I had a very interesting exchange with one of my followers this morning.
Last night, I posted a video on Instagram about aging out of the male gaze. It is proposed that women tend to age out of the male gaze at age 33 (a spurious statistic, but it wouldn’t surprise me in the least). My caption read, “don’t threaten me with a good time!” It went on to describe how I used to feel addicted to the male gaze, being unsure if I would feel beautiful or worthwhile without it. And now, in my late thirties, I have finally realized that the male gaze was never a prize to be won. Rather, it was handcuffs around my wrists.
The post was met with a lot of praise and solidarity from other women who have found confidence and security in the post-male-gaze years. But there was one comment that stood out among the rest.
A woman, claiming to be a behavioral psychologist, criticized me for wearing “tight clothing (LuLuLemon leggings and a hoodie), wearing make up, and having my hair done.
She said, “why is she making this post, which is clearly all about seeking attention? Tight clothes, hair done, full make-up and roller skating for ‘grabbing gaze’ if she wasn’t looking to be gazed at? Make it make sense.”
When other women in the comment section, unsurprisingly, assumed she was a man and pointed out the problems with this perception, she added:
“I’m a female, and a behavioral psychologist. She can’t put up attention-seeking posts such as this and try to convince people that she’s not trying to seek attention from men. Because that’s exactly what this is.”
What was immediately obvious to me was that this woman was experiencing something called confirmation bias. What was also pretty clear, speaking as a woman with a doctorate in Cognitive Psychology, is that this woman was either lying about her credentials, or is using them to give undue credibility to her opinion.
Confirmation bias is the natural tendency to interpret novel information in a way that confirms one’s already-held beliefs.
In perceiving a woman on the internet, proudly proclaiming her newfound-confidence outside the male-gaze while being so audacious as to still do her hair and make-up as “attention seeking,” she demonstrated more about her own beliefs than mine.
She believes that women only do their hair and make-up to attract the male gaze.
She believes that women couldn’t possibly wear leggings because they are roller-skating and don’t want their pants to get caught in the wheels and cause them to fall. Instead, they only wear them to excite the men.
And finally, she believes that sharing something relatable and (hopefully) inspirational to other women in a similar position is nothing more than attention seeking.
In believing those things, she saw them in me.
And she projected them onto me.
I explained to her that she was engaging in the same tools of misogyny that men use — centering women’s experiences through the lens of men rather than through our own worth and autonomy. I explained that she has some internalized misogyny to unpack so that she can stop viewing other women this way. I also explained confirmation bias and projection to her (something I wouldn’t have imagined I would need to explain to a behavioral psychologist).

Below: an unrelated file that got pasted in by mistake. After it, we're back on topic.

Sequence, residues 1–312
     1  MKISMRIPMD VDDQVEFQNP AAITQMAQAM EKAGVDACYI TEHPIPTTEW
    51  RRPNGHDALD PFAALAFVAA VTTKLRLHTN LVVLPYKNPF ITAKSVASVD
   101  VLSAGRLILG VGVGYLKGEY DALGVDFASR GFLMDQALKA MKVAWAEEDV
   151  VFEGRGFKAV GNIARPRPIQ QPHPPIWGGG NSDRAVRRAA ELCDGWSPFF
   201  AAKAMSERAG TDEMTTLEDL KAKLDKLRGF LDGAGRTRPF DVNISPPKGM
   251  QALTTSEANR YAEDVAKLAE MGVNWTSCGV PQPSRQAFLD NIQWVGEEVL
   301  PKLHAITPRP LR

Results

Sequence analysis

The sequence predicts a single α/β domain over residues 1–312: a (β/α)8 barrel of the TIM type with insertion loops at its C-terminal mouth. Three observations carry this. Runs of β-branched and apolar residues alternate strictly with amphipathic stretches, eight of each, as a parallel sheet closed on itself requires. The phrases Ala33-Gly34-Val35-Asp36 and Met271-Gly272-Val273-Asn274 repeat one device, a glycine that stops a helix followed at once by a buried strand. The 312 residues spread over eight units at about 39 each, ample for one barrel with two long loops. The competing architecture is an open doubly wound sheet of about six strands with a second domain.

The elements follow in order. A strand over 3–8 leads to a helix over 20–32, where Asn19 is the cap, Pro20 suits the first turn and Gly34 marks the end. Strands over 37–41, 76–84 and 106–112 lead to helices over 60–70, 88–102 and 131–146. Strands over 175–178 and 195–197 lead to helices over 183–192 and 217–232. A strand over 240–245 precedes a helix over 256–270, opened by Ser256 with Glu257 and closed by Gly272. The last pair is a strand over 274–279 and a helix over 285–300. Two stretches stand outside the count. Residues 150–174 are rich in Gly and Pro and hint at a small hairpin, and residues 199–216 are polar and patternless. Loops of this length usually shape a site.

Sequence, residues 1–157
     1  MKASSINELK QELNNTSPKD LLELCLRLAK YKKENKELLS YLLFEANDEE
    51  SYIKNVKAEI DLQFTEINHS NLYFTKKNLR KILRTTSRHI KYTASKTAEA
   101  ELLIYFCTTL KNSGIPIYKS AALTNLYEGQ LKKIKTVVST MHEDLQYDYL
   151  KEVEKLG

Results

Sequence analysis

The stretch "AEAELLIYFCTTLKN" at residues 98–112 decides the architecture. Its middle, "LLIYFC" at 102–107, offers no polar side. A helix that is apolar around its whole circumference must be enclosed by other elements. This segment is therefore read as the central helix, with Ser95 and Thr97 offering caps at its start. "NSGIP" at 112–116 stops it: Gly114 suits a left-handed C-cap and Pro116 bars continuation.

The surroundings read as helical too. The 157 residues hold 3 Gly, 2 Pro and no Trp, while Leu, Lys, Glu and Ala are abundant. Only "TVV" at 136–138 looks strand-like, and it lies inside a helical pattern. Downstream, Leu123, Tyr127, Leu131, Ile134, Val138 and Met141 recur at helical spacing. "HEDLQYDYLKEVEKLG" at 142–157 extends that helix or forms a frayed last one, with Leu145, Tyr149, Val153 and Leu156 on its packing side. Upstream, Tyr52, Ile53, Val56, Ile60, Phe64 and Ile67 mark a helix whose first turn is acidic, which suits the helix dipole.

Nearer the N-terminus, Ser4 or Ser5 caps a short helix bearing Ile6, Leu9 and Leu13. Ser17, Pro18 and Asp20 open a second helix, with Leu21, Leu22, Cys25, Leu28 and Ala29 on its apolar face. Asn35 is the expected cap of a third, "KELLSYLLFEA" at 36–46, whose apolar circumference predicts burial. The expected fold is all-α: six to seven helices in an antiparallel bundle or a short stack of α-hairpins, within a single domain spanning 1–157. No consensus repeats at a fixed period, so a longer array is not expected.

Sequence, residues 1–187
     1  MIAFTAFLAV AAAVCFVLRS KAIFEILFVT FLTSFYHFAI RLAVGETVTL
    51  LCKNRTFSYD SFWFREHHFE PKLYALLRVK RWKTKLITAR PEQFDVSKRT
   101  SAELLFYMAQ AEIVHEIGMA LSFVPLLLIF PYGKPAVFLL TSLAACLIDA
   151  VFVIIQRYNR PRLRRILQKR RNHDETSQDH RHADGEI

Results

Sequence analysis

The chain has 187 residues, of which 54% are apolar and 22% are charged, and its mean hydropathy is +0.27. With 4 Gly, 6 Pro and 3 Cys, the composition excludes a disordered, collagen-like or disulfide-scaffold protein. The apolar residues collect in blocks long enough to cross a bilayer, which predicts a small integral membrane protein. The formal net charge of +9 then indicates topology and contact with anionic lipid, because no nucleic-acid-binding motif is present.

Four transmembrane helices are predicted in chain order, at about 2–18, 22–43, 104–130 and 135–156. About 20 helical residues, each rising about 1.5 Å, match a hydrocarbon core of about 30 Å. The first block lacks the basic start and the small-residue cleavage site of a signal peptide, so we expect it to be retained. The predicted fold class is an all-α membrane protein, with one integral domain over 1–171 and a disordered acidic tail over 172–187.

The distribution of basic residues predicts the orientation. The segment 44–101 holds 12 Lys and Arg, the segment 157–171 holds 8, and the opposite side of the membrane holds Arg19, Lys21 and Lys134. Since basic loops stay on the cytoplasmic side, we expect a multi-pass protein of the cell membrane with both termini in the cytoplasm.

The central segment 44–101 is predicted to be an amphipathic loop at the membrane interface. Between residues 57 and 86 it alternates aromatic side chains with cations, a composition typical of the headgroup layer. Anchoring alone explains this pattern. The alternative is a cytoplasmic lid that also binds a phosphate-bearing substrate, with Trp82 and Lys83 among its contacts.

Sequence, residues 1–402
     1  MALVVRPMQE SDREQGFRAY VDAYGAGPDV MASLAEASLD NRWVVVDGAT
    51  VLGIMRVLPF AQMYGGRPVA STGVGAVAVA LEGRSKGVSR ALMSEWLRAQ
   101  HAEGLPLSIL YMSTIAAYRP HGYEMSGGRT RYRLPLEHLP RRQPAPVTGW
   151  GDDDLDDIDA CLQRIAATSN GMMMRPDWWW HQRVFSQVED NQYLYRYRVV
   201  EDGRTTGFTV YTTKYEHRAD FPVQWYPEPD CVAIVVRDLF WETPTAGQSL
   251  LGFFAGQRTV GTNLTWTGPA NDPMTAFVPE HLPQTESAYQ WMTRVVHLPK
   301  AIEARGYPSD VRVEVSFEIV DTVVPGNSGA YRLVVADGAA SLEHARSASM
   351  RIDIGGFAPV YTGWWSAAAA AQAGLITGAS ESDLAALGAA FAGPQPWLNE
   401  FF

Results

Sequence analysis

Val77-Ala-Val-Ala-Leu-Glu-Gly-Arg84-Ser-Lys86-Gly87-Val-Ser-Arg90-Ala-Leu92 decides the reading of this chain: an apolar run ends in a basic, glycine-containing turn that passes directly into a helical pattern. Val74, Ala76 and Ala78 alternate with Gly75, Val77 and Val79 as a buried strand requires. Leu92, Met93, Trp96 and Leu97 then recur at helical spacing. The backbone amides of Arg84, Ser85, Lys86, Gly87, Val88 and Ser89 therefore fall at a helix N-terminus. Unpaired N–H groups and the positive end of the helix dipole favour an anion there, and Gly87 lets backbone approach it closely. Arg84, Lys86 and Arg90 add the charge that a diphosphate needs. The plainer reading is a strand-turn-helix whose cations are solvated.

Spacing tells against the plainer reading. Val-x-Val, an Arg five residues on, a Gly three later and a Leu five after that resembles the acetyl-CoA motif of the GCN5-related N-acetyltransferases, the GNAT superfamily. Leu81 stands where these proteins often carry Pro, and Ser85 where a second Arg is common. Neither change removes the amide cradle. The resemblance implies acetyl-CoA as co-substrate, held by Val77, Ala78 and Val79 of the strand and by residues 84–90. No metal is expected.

But ultimately, my words fell on deaf ears, as I knew they would.
That’s okay. My reply to her wasn’t really for her.
It was for other women. Women like me who were scrolling through the comments looking for validation, community, and connection. I wanted them to see that I would not let another woman project her internalized misogyny onto me—to show them an example of how it’s done, and to affirm to them that this woman’s projection does not define me. Indeed, it only defines her.
The thing is, we will never change the mind of someone who is projecting onto us. They have their own beliefs, their own reality they’ve built. They must believe that reality or else their entire worldview crumbles. So, when they encounter someone who offers evidence to the contrary, they have to project their worldview onto that person.
Often, this will come in the form of criticism and self-righteousness.
There is no convincing a person who is determined to confirm their already-held beliefs. But I wonder, are we letting them convince us?
I’ll be the first to admit that I internalize people’s projections sometimes. I wonder if they’re right; if they see something in me that I haven’t seen yet. Sometimes, if I’m not careful, that healthy sense of introspection and self-awareness can be easily warped into self-doubt.
Occasionally, I think the reason I feel compelled to argue with those who project their beliefs onto me is because, in part, I believe them. Maybe, if I can convince them that they’re wrong about me, I’ll also convince myself.
How do I stop myself from arguing with the projections that are tossed at me from other people?
For me, the answer lies in knowing my unyielding and undeniable worth. When I know who I am, what I’m about, and what my values are, I am invincible. I cannot be persuaded by projection because I know their projection has nothing to do with me and everything to do with them.
It has taken a long time to reach this place where I am less susceptible to the projections of others. A lot of time and money in therapy, too. But every step I take toward claiming my worth and identity makes me gradually more immune to such things.
One thing I know with absolute certainty is that arguing with other people’s projections has never helped me grow, and never changed their minds.
So, let’s leave those people to their projections.
Let’s embrace the irrefutable fact that their projections say something about them, not about us.
And let’s move forward with our own healing instead.
Amber Wardell is a doctor of psychology and author who speaks on women’s issues related to marriage, motherhood, and mental health. Subscribe to the free newsletter to get exclusive content delivered to your inbox and to never miss an upload.